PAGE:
Help
Subscribe


GastroHep.com - the global online resource for all aspects of gastroenterology, hepatology and endoscopy

 19 February 2018

Advanced search
GastroHep.com - the global online resource for all aspects of gastroenterology, hepatology and endoscopy Profile of Roy Pounder

Home

News  
Journals
Review Articles
Slide Atlas
Video Clips
Online Books
Advanced Digestive Endoscopy
Classical Cases
Conference Diary
PubMed
International GH Links
USA GH Links
National GH Links
National GI Societies
Other Useful Links




Emails on Gastroenterology and Hepatology
the National AIDS Treatment Advocacy Project
Visit the gastroenterology section of the EUMS

News

Poor diet and inactivity may soon be the leading cause of death in the US

Tobacco use and poor diet/physical inactivity account for the majority of preventable deaths in the United States, finds a study in the latest issue of the Journal of the American Medical Association.

News image

fiogf49gjkf04

Approximately half of all deaths in the United States can be attributed to largely preventable behaviors and exposures.

Quantifying modifiable behavioral risk factors may provide insight into the effects of recent trends and indicate missed prevention opportunities.

Dr Ali Mokdad and colleagues from the Centers for Disease Control and Prevention, Atlanta, conducted a study to identify and quantify the leading causes of death in the United States.

The team performed a comprehensive MEDLINE search of English-language articles identifying epidemiological, clinical, and laboratory studies linking risk behaviors and mortality.

The researchers used 2000 mortality data reported to the Centers for Disease Control and Prevention to identify the causes and number of deaths.
Leading causes of death in 2000:
- tobacco = 18%
- poor diet/inactivity = 17%
- alcohol consumption = 4%
Journal of the American Medical Association

The estimates of actual cause of death were computed by multiplying estimates of the cause-attributable fraction of preventable deaths with the total mortality data.

The team found that the leading causes of death in 2000 were tobacco (18%), poor diet and physical inactivity (17%), and alcohol consumption (4%).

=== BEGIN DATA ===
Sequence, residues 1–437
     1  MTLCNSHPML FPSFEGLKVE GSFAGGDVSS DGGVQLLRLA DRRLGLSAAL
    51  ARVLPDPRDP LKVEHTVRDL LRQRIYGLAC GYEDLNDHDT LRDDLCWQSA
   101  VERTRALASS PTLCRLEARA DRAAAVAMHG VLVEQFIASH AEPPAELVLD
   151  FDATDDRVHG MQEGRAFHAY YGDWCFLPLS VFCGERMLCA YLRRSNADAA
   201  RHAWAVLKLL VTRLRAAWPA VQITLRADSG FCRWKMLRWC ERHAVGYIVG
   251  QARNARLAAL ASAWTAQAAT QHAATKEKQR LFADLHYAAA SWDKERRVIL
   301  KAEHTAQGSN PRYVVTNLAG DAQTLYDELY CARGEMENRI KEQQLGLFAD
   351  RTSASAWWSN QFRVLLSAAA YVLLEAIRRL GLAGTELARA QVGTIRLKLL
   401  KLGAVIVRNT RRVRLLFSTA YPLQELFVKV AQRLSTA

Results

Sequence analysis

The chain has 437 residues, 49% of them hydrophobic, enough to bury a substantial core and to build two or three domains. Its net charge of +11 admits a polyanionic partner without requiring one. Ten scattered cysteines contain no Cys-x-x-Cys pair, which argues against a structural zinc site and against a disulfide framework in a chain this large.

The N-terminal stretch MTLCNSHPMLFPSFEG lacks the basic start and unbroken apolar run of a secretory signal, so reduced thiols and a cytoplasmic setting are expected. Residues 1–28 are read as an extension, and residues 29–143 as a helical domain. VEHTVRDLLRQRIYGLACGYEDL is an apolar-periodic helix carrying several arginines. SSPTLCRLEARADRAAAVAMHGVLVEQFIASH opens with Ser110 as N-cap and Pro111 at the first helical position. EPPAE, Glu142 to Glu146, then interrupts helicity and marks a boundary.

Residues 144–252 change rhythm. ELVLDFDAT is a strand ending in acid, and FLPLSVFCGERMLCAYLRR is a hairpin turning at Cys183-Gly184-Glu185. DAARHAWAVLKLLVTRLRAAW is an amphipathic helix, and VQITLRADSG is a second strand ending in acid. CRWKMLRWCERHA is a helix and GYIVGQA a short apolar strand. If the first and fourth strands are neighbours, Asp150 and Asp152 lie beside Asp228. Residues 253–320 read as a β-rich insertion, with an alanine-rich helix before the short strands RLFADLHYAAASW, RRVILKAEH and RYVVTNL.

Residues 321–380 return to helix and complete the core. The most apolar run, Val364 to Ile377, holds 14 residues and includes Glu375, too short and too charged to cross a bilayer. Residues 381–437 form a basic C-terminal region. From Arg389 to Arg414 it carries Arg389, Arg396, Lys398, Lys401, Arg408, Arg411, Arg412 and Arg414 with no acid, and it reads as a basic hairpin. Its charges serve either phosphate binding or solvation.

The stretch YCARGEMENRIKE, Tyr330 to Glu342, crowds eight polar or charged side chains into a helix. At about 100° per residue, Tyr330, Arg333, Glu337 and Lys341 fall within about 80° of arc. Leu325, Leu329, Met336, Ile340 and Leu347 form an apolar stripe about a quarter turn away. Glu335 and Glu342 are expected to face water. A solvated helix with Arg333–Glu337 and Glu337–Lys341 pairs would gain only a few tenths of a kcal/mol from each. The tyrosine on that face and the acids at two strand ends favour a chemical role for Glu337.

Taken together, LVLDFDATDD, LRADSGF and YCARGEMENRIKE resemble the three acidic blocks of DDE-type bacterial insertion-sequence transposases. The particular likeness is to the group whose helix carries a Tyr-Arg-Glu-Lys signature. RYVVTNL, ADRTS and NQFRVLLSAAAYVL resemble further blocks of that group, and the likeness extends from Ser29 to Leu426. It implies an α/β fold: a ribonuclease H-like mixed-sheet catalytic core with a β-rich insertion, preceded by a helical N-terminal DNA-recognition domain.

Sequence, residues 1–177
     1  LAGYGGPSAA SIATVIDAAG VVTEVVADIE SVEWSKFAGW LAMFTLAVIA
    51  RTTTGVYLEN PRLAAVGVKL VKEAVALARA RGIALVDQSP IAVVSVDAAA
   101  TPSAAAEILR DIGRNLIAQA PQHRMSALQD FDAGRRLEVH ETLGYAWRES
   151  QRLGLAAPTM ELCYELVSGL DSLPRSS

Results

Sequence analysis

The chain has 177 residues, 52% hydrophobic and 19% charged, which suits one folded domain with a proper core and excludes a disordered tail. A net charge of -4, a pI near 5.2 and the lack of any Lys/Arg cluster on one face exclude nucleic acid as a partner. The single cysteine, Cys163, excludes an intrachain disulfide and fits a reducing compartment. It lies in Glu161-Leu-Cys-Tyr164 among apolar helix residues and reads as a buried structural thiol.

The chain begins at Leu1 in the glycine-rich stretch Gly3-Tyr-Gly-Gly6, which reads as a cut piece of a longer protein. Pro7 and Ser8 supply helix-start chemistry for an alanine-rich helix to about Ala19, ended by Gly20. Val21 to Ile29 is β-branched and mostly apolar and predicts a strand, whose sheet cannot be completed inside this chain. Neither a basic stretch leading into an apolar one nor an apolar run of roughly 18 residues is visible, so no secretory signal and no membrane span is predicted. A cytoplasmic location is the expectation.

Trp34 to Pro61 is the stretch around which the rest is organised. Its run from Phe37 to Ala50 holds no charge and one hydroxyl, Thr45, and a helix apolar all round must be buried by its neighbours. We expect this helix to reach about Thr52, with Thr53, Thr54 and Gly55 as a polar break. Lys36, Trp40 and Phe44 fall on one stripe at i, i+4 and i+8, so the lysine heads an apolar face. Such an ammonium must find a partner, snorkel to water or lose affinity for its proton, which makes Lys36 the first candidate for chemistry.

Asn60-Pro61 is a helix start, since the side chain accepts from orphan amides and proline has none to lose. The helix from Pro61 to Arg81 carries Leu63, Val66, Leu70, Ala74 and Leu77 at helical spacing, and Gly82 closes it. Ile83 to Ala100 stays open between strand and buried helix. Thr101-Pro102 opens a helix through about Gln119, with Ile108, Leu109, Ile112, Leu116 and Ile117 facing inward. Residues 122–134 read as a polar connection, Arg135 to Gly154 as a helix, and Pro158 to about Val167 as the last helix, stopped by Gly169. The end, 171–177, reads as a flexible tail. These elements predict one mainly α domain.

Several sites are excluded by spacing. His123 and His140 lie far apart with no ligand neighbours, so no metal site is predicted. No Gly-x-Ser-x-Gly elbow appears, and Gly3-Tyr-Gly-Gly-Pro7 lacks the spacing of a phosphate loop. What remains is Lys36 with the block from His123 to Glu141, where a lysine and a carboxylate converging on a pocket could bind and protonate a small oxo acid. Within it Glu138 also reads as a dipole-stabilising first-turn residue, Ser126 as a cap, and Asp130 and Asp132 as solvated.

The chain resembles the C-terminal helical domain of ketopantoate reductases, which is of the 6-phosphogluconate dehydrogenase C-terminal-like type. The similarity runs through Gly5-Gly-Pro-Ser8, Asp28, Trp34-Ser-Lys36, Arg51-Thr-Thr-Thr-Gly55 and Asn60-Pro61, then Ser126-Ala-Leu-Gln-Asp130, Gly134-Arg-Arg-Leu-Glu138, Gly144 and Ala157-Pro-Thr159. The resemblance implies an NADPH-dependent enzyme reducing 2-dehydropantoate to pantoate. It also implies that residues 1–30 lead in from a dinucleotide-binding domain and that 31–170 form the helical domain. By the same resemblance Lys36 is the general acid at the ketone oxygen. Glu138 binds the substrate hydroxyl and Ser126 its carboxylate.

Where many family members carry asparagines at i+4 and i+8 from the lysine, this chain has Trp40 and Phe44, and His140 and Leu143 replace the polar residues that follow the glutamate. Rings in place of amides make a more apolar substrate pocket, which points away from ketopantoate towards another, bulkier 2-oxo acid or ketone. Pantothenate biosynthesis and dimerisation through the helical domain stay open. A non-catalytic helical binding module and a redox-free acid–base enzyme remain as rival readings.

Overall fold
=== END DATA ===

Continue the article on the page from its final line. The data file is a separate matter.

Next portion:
The researchers identified other causes of death in 2000 as microbial and toxic agents, motor vehicle crashes, firearms, sexual behaviors, and illicit use of drugs.

"The rapid increase in the prevalence of overweight means that this proportion is likely to increase substantially in the next few years".

"The burden of chronic diseases is compounded by the aging effects of the baby boomer generation and the concomitant increased cost of illness at a time when health care spending continues to outstrip growth in the gross domestic product of the United States," the authors write.

"Our findings indicate that interventions to prevent and increase cessation of smoking, improve diet, and increase physical activity must become much higher priorities in the public health and health care systems."

In an accompanying editorial, Drs Michael McGinnis and William Foege write that continued progress on reducing preventable causes of death depends on a strong and vibrant public health capacity and working with the solid support and involvement of medical practitioners.

"Because a substantial proportion of early deaths among the US population is preventable through lifestyle change, the social commitment to making those changes possible must be enhanced considerably".

"National leadership and commitment at the policy level, such as suggested by Mokdad and colleagues, is an important ingredient for progress", they comment.

JAMA 2004; 291: 1238-45
10 March 2004

Go to top of page Email this page Email this page to a colleague

 19 February 2018 
The effectiveness of screening colonoscopy in the right colon was not significantly different from that in the left colon/rectum
 19 February 2018 
No significant differences, among racial or ethnic groups, found in patients with significant fibrosis